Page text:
March 5



Stalin orders the Katyn Massacre

World War II began in Europe with the German invasion of Poland. This unprovoked attack was made possible by a secret pact between the Nazis and the USSR, an agreement which allowed the Soviets to annex the eastern part of Poland. This partition brought tens of thousands of Polish prisoners under the rule of Joseph Stalin who, at the urging of his secret police chief Lavrentiy Beria, determined to use the opportunity to exterminate Poland’s leadership class. On this date in 1940, six members of the Politburo (Stalin, Kaganovich, Molotov, Voroshilov, Mikoyan and Kalinin) signed an order condemning imprisoned “nationalists and counterrevolutionaries” — the captive officers and intelligentsia — to death.

In April, 1940, 22,000 Poles were taken from their prison camps and dispatched to killing zones where they were shot and secretly buried. About half of the Polish officer class were killed — an admiral, two generals, 24 colonels, 79 lieutenant colonels, 258 majors, 654 captains, 17 naval captains, 85 privates, 3,420 non-coms, 7 chaplains (including the Chief Rabbi of the Polish Army), and 200 pilots, but also government officials, landowners, university professors, physicians, lawyers, engineers, teachers, writers and journalists. The purpose was to eliminate anyone who might be a leader in a future Poland.

After June 1941, when Hitler invaded the Soviet Union and the USSR began to think of creating an anti-German army out of its remaining Polish prisoners, questions began to be asked about the fate of the missing officers. The Soviets were able to dodge awkward questions until early 1943 when the occupying German army was alerted to mass graves containing the corpses of thousands of Polish officers in the Katyn Forest. Sensing a propaganda coup, the Nazis brought in a team of neutral experts to examine the bodies and determine the date of their execution. Despite their findings that the men had been killed at a time when the Soviets were in control of the area, the USSR continued to blame the Germans.  Shamefully, it was in the interests of Allied cooperation with the Soviets to agree to go along with the lie during the war.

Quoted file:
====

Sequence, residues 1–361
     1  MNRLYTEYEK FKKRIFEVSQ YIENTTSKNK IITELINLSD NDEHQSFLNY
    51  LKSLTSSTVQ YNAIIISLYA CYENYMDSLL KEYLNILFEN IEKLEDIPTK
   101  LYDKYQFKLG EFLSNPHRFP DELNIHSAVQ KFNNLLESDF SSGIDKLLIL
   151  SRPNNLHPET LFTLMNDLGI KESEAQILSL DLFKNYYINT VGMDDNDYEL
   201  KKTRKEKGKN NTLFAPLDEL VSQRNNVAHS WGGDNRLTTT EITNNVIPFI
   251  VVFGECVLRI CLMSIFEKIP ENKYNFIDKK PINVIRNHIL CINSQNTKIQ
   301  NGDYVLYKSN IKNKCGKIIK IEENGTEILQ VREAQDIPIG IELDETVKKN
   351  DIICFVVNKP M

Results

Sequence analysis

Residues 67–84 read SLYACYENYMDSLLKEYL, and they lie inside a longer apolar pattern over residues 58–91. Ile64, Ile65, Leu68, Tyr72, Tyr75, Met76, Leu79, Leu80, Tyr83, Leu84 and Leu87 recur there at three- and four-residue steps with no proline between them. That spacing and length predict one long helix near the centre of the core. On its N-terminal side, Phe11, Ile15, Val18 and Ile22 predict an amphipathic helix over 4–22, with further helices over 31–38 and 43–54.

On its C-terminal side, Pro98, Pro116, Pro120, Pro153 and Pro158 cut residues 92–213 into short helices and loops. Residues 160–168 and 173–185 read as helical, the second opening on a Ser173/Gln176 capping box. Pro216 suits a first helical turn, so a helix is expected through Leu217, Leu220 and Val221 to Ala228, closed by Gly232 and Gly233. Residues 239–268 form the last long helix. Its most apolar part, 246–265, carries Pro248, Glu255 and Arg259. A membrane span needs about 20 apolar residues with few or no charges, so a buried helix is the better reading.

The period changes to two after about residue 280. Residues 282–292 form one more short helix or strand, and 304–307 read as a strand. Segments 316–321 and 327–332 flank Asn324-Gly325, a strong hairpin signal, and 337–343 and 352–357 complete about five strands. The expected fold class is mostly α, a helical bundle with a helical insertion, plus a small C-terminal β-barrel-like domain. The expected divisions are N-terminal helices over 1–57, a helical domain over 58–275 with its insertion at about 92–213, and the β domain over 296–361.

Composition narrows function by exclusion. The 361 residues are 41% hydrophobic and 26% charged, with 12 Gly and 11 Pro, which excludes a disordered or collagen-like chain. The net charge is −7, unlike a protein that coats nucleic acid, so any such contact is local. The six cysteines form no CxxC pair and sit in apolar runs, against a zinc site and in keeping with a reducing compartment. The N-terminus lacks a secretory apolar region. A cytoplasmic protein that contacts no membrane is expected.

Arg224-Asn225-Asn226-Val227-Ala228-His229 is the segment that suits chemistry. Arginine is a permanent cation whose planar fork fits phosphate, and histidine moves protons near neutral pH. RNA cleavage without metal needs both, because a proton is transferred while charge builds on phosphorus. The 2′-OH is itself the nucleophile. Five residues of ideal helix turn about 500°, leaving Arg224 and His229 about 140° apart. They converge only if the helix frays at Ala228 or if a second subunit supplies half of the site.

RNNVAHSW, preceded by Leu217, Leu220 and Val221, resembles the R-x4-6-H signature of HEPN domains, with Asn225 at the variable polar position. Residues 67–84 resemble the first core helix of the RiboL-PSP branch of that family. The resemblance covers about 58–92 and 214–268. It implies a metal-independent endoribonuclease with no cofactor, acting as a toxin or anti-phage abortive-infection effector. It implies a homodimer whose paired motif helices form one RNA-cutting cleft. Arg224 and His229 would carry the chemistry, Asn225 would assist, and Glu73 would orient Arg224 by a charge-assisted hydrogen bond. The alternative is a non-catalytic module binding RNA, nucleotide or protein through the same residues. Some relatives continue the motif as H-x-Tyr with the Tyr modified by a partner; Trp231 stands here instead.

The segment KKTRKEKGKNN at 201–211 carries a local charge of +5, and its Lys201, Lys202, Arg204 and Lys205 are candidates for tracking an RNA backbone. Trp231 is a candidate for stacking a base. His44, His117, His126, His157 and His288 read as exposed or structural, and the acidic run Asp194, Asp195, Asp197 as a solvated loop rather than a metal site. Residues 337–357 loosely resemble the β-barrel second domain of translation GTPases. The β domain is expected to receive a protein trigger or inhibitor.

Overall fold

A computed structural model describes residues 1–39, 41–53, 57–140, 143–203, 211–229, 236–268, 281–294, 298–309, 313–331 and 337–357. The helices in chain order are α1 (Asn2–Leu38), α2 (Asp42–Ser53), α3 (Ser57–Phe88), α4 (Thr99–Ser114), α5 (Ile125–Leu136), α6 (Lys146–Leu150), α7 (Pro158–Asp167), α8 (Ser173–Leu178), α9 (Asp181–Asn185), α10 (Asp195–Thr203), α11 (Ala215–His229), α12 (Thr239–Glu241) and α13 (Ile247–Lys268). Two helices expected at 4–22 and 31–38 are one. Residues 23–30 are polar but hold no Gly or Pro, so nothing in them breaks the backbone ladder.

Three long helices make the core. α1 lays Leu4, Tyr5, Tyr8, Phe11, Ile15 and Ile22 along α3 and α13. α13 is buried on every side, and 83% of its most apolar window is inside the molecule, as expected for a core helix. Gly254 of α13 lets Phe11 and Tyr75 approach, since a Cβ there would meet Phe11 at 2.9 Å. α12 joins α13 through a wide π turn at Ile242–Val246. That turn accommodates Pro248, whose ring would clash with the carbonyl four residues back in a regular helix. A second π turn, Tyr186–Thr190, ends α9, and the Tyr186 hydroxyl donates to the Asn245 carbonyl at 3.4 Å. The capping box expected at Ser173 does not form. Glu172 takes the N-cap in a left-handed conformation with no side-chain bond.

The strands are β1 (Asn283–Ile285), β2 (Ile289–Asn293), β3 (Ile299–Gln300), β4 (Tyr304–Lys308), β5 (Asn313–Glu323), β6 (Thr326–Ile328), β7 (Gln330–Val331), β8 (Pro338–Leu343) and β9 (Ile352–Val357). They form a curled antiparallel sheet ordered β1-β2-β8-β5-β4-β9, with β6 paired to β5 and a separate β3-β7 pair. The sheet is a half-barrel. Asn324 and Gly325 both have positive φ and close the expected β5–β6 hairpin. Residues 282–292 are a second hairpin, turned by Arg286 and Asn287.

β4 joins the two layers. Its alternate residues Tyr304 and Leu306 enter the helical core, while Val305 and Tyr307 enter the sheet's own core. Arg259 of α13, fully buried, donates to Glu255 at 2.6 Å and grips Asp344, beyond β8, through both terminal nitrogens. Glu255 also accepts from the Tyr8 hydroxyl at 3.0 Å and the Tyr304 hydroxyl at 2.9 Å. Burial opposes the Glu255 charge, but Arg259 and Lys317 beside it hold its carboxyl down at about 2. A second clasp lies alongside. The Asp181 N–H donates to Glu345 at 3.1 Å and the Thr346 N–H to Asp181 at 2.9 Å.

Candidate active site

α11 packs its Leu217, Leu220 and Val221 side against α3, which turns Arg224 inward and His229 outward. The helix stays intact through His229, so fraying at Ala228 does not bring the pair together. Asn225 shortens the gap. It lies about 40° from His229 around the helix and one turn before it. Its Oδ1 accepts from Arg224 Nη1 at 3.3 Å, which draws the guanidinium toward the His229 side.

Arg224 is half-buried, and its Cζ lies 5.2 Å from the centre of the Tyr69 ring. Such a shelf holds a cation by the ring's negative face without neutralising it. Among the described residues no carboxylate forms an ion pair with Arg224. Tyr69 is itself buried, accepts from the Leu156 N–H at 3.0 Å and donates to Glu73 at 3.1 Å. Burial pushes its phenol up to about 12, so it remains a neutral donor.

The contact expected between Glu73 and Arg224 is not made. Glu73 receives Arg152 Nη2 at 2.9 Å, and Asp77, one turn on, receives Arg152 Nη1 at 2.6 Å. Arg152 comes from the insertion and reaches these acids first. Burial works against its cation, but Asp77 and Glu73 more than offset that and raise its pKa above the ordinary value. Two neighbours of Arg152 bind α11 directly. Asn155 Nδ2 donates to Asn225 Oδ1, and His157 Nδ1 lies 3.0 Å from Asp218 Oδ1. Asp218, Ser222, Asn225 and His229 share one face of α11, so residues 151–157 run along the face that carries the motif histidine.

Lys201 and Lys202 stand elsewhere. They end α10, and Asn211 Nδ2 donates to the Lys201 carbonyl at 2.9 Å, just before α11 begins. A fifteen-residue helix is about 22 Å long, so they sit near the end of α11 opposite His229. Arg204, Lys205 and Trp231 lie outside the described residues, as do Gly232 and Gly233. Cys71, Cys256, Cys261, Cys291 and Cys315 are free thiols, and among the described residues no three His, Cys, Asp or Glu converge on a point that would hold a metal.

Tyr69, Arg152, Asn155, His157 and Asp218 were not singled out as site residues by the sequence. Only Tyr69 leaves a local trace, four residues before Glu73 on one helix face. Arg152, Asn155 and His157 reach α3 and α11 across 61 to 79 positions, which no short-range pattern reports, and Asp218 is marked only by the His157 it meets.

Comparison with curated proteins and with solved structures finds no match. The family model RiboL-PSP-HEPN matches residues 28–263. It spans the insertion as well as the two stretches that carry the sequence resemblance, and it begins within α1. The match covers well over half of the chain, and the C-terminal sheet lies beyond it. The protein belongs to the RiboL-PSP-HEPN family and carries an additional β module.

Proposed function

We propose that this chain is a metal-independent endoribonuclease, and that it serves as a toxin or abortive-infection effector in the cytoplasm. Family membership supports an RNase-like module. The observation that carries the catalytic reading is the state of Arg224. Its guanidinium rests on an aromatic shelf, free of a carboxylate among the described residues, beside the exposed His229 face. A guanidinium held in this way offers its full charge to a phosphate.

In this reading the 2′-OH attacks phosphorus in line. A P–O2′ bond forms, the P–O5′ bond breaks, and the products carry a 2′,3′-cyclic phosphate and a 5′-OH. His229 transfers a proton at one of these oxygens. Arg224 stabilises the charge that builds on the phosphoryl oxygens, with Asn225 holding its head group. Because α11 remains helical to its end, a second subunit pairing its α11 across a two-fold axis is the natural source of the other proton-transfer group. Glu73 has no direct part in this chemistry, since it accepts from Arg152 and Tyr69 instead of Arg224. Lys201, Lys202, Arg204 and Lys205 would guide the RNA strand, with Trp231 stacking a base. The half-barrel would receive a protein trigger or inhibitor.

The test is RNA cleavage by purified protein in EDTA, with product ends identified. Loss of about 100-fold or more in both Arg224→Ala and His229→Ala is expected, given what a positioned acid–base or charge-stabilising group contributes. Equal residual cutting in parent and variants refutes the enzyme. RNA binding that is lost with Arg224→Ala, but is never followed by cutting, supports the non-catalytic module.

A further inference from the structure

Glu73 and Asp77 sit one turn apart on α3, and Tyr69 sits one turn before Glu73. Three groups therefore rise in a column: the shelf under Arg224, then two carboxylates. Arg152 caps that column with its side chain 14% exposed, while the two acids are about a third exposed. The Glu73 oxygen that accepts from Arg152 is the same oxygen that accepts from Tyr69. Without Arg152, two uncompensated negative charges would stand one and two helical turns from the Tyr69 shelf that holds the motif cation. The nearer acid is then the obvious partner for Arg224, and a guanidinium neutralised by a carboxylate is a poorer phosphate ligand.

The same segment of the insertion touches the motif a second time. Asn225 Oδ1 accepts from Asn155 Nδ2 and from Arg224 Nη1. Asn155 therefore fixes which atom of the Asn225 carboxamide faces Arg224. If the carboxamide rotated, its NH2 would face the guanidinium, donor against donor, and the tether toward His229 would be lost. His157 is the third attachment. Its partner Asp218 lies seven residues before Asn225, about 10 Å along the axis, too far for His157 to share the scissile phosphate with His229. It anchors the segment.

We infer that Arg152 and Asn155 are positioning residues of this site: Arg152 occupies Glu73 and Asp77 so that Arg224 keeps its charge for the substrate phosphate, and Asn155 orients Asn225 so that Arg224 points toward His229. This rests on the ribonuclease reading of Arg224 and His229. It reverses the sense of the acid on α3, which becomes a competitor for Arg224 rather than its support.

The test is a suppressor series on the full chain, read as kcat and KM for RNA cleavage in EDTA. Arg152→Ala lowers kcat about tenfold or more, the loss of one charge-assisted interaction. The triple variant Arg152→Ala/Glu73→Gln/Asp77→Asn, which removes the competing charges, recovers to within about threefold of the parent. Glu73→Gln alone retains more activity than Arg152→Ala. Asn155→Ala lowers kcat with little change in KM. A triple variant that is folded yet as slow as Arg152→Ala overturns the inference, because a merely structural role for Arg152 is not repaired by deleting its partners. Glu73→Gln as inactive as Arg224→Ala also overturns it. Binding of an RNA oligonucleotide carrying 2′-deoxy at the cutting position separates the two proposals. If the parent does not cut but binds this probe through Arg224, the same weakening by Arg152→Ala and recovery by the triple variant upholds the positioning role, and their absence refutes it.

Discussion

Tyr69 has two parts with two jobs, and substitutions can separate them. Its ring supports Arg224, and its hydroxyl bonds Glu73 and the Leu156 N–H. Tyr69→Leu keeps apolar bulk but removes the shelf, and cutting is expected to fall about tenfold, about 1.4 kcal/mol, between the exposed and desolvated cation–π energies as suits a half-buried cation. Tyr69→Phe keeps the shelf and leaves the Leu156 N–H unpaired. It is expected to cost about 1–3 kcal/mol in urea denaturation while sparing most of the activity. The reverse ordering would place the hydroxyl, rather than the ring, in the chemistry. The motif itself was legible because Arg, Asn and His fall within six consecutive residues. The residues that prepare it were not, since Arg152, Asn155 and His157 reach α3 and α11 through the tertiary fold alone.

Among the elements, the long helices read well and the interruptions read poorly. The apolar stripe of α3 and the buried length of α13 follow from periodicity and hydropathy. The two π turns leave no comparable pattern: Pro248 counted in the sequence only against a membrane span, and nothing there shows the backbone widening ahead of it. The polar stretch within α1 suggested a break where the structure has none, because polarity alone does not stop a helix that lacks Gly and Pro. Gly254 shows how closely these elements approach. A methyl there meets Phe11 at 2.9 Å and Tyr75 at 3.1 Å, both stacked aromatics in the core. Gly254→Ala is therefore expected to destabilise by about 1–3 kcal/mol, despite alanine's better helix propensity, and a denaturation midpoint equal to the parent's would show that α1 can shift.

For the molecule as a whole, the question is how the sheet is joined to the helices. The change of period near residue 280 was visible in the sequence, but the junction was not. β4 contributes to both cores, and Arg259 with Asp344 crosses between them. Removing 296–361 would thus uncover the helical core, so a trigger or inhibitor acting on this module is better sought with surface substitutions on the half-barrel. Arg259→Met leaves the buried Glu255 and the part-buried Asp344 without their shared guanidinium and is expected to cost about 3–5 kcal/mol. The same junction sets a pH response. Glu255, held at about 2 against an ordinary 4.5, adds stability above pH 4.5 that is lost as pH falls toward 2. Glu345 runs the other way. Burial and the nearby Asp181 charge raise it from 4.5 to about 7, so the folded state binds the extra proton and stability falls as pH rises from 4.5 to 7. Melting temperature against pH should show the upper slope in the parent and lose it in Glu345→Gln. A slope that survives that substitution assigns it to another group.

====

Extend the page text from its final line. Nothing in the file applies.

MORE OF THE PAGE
When I was a grad student in London in the 1970s, I went on a march to the Soviet Embassy, which had objected to a Katyn memorial being erected with the date 1940 inscribed on it. Communists were still insisting that the Germans had carried out the massacre in 1941 during their occupation of  the western USSR. Only after the fall of the Soviet Union did Russia acknowledge that the atrocity had been carried out by the Soviet secret police.

An excellent fictional account of the 1943 discovery is Philip Kerr’s A Man Without Breath.


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